Third, if they finally see you, if they wake up in time, you will be understood by your enemies outside the church….and they will understand far more clearly than many of your friends—but your prayer should be that they will not understand, that they will not see you, until it’s far too late.
This is the dangerous territory we are going to have to enter, and there is no way to enter it by just learning a few propositions. We are going to have to become different people, better people: people who can catch a bad poet.
this is another aspect of the personalism with which we are re-infusing our theology, and a very necessary one. Not only is belief in the “saving message” belief in a Person, but it is also belief by a person, and this extends beyond the “saving message” to every act of interpretation. Every interpretation is by a person, and it matters who that person is. If a reader is at all serious about allowing Scripture to interpret Scripture, he quickly discovers that there are some aspects that don’t lend themselves well to propositional analysis: symbols, types, and other such resonances. When these resonances occur in a passage, a reader with literary skill catches them, and realizes that their presence in the passage is not an accident.
If that reader is also a skilled communicator — say, a good pastor — he can retell the passage in such a way as to highlight the resonances, and a lot of people who wouldn’t have caught the connections on their own will be able to see them with his help. So he gets up and tells the story to his flock, and all across the auditorium, people get chills and the hair on the back of their neck stands up as they see the connection for the first time.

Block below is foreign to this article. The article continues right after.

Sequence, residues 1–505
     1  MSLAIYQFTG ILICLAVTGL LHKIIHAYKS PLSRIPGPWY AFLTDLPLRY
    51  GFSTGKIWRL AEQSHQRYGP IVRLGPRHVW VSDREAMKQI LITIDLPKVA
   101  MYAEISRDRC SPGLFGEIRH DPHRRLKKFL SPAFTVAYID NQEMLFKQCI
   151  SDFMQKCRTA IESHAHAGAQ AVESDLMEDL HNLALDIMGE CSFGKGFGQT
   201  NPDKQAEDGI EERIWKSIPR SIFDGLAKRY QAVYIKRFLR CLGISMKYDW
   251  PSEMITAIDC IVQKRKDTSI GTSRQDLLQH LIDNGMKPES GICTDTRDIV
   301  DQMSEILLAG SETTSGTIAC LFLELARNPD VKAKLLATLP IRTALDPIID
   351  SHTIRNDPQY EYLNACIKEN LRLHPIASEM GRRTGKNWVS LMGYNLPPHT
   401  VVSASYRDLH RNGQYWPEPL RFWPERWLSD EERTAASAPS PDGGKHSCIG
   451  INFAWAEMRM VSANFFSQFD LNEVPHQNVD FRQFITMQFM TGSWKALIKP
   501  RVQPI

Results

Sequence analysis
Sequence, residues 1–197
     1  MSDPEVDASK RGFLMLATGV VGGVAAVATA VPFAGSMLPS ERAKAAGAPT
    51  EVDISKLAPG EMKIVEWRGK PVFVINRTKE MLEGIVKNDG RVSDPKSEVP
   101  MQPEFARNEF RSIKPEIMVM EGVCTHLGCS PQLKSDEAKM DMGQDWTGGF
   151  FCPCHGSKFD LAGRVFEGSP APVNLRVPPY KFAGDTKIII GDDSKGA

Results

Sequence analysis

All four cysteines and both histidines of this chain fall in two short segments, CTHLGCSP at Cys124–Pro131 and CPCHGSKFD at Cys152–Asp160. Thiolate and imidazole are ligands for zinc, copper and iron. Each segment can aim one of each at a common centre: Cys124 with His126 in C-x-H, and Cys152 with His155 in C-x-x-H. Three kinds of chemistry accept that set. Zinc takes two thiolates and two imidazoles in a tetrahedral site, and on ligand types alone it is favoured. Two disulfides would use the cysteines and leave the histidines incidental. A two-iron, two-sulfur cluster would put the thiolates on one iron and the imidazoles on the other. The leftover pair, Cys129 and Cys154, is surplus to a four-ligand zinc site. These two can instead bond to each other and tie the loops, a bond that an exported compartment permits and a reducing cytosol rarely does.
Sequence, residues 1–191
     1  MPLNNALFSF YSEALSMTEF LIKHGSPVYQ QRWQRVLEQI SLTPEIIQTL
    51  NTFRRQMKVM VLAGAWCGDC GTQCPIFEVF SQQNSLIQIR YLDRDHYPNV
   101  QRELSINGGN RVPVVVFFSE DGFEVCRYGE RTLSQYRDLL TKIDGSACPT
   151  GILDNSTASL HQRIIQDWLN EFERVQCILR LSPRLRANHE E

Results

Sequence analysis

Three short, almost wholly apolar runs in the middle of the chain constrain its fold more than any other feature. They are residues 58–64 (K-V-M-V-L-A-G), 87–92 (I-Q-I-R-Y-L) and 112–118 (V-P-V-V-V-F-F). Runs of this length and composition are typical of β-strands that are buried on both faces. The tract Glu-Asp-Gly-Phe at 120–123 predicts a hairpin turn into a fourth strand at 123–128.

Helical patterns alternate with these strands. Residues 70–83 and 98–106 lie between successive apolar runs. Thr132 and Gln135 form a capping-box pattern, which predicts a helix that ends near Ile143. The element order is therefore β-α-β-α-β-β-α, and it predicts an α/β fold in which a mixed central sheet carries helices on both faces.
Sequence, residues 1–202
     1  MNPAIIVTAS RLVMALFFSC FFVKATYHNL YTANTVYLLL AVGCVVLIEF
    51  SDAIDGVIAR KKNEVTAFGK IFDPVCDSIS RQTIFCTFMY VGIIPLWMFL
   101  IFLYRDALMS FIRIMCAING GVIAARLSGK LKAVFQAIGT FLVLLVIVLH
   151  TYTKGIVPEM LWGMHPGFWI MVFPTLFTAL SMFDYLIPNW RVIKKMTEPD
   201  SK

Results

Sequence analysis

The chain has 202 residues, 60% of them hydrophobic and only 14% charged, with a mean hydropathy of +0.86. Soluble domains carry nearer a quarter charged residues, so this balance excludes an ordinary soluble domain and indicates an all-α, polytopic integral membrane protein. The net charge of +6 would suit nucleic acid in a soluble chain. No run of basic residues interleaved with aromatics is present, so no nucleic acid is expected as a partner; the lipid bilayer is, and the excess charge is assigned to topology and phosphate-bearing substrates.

But what is that pastor to do when someone just doesn’t see it? Suppose one of his deacons comes up to him after the sermon and says, “Pastor, I don’t think I understand what you were talking about today. Could you explain it again?” He does, and the man still just doesn’t see it: “Pastor, I hear what you’re saying, but it just sounds pretty thin to me. How could you prove that the author really meant for us to see those connections, and interpret them as tying back to that earlier story?”
The answer is, he can’t, because what the deacon means by “prove” is approximately what Euclid meant by it, and stories don’t work like that. There’s a subtle alignment, a sympathy with the author, that is called for here, and if you don’t have it, they you can’t see the thing well enough to see what the author wants you to see. N. T. Wright** describes the problem like this:
One of the first insights I came to in the early stages of my doctoral work…was that when you hear yourself saying, ‘What Paul was really trying to say was…’ and then coming up with a sentence which only tangentially corresponds to what Paul actually wrote, it is time to think again. When, however, you work to and fro, this way and that, probing a key technical term here, exploring a larger controlling narrative there, enquiring why Paul used this particular connecting word between these two sentences, or that particular scriptural quotation at this point in the argument, and eventually you arrive at the position of saying, ‘Stand here; look at things in this light; keep in mind this great biblical theme, and then you will see that Paul has said exactly what he meant, neither more nor less’ — then you know that you are in business.